The term “curbstoning” comes from the practice of parking automotive “inventory” along the curb, although many curbstoners also use vacant lots and unmonitored parking lots as temporary places of business.
Curbstoners are car “flippers” – people who regularly buy cheap cars, fix them up to look decent, and sell them for a quick profit. They often pose as the car’s owner, but they’re not – so they can dodge limits on the number of vehicles an individual can sell before having to register as a dealer.
Curbstoned vehicles may be lemons, salvaged, or even cobbled together from parts from the wrecking yard. They may have been written off as total losses by insurance companies due to collision, flood, or other damage.
Sometimes, unethical used car dealers use curbstoning as a way to get rid of duds they can’t sell on their lots.
Once you buy a curbstoned vehicle, you have nowhere to turn if the car develops problems. If the problems are serious enough, the car may fail inspection or be denied insurance coverage. And, the law requires you to disclose the problems when you sell the car.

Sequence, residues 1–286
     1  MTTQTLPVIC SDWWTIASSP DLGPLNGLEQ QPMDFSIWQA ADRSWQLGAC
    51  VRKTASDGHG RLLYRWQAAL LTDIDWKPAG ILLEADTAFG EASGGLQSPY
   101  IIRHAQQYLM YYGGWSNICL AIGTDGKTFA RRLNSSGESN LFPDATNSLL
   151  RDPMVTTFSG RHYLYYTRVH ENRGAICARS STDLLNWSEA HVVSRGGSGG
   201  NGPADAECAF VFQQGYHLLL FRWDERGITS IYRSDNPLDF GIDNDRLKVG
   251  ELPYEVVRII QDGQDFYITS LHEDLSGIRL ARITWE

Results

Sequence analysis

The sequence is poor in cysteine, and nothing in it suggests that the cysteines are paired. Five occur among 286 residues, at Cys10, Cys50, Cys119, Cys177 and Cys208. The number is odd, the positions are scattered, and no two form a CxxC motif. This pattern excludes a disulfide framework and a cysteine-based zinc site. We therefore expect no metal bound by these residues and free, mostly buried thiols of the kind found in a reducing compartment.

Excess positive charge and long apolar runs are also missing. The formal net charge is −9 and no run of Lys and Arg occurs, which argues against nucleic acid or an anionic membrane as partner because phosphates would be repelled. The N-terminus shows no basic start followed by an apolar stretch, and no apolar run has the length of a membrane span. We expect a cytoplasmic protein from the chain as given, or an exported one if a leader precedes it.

According to ABC News, experts estimate that 80% of the used cars in classified ads are not being advertised by individual owners. And, some state licensing officials say that as many as one in five cars sold outside a commercial automotive dealership are curbstoned.
Georgia House Bill 144, our anti-curbstoning bill, passed and went into law July 1st, 2007. Georgia Code Section O.C.G.A. §40-2-39.1
This statute falls under the jurisdiction and enforcement of title 40 which is motor vehicle and traffic law. That means that any city, county or state law enforcement officer is authorized to enforce the anti-curbstoning laws. Law enforcement officers can write tickets to the individual vehicle owner, the property owner and/or even the lessee of the property. The fines and penalties range from $100 to $1000 for each violation, and/or up to 12 months in jail.
In almost every community vacant lots or parking lots of private businesses are loaded up with cars for sale, especially on the weekends. These are prime areas for criminal activity. Drug dealers, money launderers and even a terrorist would rather buy a used car from an individual than buying one from a legitimate auto dealer These are also prime locations where stereos and wheels are stolen.
Information courtesy of the GIADA and STOPCURBSTONING.COM